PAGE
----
When Russell Currier (Outdoor Sports Institute) was selected to the U.S. World Cup team after a one-year absence, there was just one piece of outstanding business: he was no longer qualified for the World Cup. So that entailed an early-season trip to the second-tier IBU Cup to re-make qualification criteria.
Currier raced in the 10 k sprint in Beitostolen, Norway, on Friday to do just that. He was the only American athlete there, and traveled with one coach, U.S. men’s team coach Jonas Johansson. The one-day reintroduction to international racing was far from dull for the skeleton crew.
Currier faced few problems on his skis, cruising to the tenth-fastest course time.
“Ski speed was better than expected,” he wrote in an email. “Two days of travel and jet lag, a one-man wax team and not the best feeling in the legs had my expectations on the lower end.”
But Currier shot two penalties in each of his stages, with some added challenges in standing.
“I accidentally ejected a magazine,” he explained. “It proceeded to bounce off the mat and beyond the firing line. Normally there is a coach with a spare clip for in these situations… [but] Jonas was checking my shots [on a digital network] without having to be in front of a scope. So, I had to wait for a race official to figure out what I was yelling about. The official that came over had, coincidentally, five rounds on him that I was able to reload my prone mag with. Still, the winds were so obnoxious that hitting three of five with a 50+/- second rest didn’t help.”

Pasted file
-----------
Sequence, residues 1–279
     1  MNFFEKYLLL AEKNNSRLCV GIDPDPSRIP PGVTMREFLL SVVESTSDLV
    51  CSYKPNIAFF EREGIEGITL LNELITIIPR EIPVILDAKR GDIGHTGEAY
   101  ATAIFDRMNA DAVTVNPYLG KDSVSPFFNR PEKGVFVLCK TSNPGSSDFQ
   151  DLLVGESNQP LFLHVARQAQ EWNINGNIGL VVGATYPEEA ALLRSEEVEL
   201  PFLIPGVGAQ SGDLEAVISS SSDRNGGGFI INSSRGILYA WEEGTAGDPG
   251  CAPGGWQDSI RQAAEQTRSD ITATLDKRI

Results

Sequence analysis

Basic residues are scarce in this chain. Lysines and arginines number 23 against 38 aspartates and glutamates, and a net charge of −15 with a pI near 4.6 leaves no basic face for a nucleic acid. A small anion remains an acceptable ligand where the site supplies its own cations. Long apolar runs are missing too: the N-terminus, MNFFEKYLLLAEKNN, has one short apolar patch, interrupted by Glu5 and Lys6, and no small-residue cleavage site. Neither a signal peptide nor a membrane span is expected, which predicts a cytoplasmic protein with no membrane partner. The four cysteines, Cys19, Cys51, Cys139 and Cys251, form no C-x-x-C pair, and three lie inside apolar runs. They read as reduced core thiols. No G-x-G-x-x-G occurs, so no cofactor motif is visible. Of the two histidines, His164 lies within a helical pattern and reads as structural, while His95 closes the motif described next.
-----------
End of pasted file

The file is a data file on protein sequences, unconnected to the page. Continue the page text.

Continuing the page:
Currier had to hurry his way to the finish and his time, +3:09.4 from winner Vetle Sjastad Christiansen of Norway, earned him 44th place and points of 111.85 – just sneaking under the 125-point cutoff for World Cup qualification.
The whole experience was a bit wild.
“There was some pressure because I didn’t know what to expect,” Currier wrote. “It had been so long since my last race with this field. After my standing stage folly, I was more nervous.”
But he has since rejoined the U.S. team in Östersund, Sweden, where he will compete in the World Cup 20 k individual on Thursday.
“The whole race could have been so much worse and so much better,” Currier wrote. “The goal was to do well enough to make the points and then be in Östersund with the rest of the team ASAP, so with that in mind the race was a success.”